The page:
Mon. Sep 26th, 2022
How to quickly make a big hole
enlarge How to quickly make a big hole

You know that scene in every forensic crime drama where someone finds out what angle the bullet was fired from and points back to the source? In the case of the Chicxulub asteroid impact and the late Cretaceous mass extinction 66 million years ago, there is no mystery about the shooter. (Space did.) But the trajectory is interesting for other reasons, and researchers have long tried to recover the trail from the crater off the coast of Yucatán.

Unsurprisingly, 66 million years have taken their toll on the crater, so researchers have given several very different answers. Did the asteroid impact from the southeast at a very low angle? Did it come at a moderate angle from the southwest? Many studies that were supposed to model the impact simply defaulted to a 90-degree strike and avoided the entire argument. The details matter, though, and exactly which rocks vaporize — and what climate-changing gases they release — depends on that angle of impact.

Much new research on the crater has recently been published thanks to a major expedition that drilled a rock core through the crater’s summit ring. (Impact with this violent impact leaves a raised ring in the center instead of a single peak.) A new paper led by Gareth Collins of Imperial College London makes the latest contribution using model simulations to see which angle of impact is the best corresponds to the observed characteristics of the crater.

Not aligned

To uncover the geometry of what’s left of the crater, which is part land and part seafloor, scientists are turning to sonar-like seismic imaging and extremely accurate gravity measurements. Seismic imaging highlights features such as sediment layers and bedrock, as well as faults. Variations in gravity tell scientists about the density of the rocks below. In this case, that also happens to include pinpointing the location where the Earth’s mantle comes closest to the surface.

All this makes it possible to plot three critical points on the map: the geometric center from the crater rim, the center of the peak ring and the highest point of the mantle. At a perfect 90 degree turn, these three points would overlap. The peak ring would form a rose in the center of the crater, and the high spot of the mantle would be right below it – the product of a gelatinous vertical recoil after the tremendous force of the impact.

The colors here show differences in accurate measurements of gravity.  The three main points are labeled in the middle.
enlarge The colors here show differences in accurate measurements of gravity. The three main points are labeled in the middle.

Because they don’t line up, the question is which combination of impact angle and direction puts the center of the peak ring just southwest of the center of the crater, with the high point of the mantle’s rebound just northeast of the center. from the crater. To test this, the researchers used a 3D simulation of the extreme physics of an asteroid impact. They repeated the simulation for impacts at angles of 90, 60, 45 and 30 degrees and at speeds of 12 kilometers per second (the minimum plausible) and 20 kilometers per second.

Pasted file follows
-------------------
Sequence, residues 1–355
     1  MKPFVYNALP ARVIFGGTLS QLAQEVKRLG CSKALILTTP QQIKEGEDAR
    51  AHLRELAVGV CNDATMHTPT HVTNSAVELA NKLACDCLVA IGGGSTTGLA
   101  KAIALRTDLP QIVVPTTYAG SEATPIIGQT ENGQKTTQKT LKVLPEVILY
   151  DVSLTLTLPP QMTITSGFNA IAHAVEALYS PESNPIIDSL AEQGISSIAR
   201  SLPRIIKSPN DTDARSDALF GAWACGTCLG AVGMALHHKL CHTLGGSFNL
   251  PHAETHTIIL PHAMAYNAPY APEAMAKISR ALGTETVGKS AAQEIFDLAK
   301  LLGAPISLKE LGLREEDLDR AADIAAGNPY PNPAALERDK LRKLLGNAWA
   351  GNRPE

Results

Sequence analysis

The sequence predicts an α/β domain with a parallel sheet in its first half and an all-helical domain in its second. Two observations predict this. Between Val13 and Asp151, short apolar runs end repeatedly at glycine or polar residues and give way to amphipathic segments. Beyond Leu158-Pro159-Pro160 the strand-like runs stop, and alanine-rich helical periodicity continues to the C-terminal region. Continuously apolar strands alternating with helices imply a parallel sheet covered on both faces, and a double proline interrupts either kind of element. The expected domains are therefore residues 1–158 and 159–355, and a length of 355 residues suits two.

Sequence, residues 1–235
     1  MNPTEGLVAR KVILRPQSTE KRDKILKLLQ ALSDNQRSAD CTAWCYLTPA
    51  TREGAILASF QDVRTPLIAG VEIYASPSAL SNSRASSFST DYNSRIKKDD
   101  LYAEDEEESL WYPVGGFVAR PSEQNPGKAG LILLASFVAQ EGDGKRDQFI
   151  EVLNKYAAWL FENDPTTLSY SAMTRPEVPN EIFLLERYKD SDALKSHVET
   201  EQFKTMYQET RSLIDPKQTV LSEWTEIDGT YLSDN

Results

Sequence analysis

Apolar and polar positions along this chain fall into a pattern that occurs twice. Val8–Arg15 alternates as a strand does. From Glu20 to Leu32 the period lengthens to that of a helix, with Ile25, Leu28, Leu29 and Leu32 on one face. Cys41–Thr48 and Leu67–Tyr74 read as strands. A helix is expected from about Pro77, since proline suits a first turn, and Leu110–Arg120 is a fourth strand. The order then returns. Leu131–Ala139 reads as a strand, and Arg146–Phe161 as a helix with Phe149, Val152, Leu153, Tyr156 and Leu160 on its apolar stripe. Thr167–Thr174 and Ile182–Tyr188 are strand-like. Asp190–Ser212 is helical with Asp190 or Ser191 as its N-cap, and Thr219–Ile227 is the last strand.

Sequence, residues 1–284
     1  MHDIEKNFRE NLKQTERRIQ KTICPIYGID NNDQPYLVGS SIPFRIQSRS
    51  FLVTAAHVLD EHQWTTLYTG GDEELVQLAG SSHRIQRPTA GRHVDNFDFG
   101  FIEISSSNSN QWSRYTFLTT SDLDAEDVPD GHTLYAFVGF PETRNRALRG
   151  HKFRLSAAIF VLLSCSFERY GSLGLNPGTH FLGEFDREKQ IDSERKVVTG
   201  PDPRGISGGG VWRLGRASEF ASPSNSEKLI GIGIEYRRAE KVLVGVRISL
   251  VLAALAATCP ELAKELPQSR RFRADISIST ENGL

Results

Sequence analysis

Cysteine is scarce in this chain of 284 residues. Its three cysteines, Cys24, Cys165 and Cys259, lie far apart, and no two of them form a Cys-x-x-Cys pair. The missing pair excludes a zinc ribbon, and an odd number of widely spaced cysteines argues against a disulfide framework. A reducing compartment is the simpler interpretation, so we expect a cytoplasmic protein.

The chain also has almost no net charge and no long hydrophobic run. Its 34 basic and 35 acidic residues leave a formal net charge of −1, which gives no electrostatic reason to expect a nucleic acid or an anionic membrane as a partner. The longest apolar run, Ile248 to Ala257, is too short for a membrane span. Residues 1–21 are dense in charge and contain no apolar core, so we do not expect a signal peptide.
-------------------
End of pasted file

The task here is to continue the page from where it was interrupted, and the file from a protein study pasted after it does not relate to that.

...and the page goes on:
Within just a few minutes, the impact creates a “transient crater” about 20 kilometers (12 mi) deep as a temporary mountain range is thrown up, after which things bounce back to form a shallower final crater.

Impacts at 60 and 45 degrees cause the top of the mantle and the center of the peak ring to be shifted on either side of the center of the crater — just like we see in the real crater. But at 30 degrees, the highest point of the mantle meets the center of the peak ring on the other side, so they’re both shifted in the same direction.

Oblique impact

There is also a visible difference in the peak ring itself. The 60- and 45-degree impacts show that some of the outermost sedimentary rocks near the surface are “sucked” down under deep rocks pushing up from the center. Outside the crater, sedimentary rocks lie on top of deeper granites, but this relationship is reversed in the peak ring. That’s exactly what the rock core from the recent expedition showed. But in the 30-degree impact simulation, the deep-on-top pattern is not materialized on the downside of the crater.

A simulated impact at 60 degrees, from right to left.  Note that the subtle clumps on either side of the crater floor (the peak ring) are not centered (0).  The dark gray layer at the bottom represents the mantle, and the highest point in the last frame is shifted in the other direction.
enlarge A simulated impact at 60 degrees, from right to left. Note that the subtle clumps on either side of the crater floor (the peak ring) are not centered (0). The dark gray layer at the bottom represents the mantle, and the highest point in the last frame is shifted in the other direction.

Taken together, these results point to an impact angle closer to 60 degrees, ruling out some previous ideas of low-angle impact. But the simulations also disputes the claims that the impact came from the southwest. They show that the highest point of the mantle marks the upward direction and the center of the peak ring marks the downward side. In the case of the Chicxulub crater, this means the impact came from the northeast.

This intermediate angle of impact would maximize the climate impact of the event. Given the depth of the relevant rock layers that have evaporated, this impact would release approximately 2 to 3 times as much sulfur (causing short-term cooling) and CO2 (causes prolonged warming) as a 90 degree attack. And compared to an impact at a super low angle of 15 degrees, it would release about 10 times more. Looking at how the mass extinction event played out, it seems that release was sufficiently effective.

Nature Communications, 2020. DOI: 10.1038/s41467-020-15269-x (About DOIs).

By akfire1

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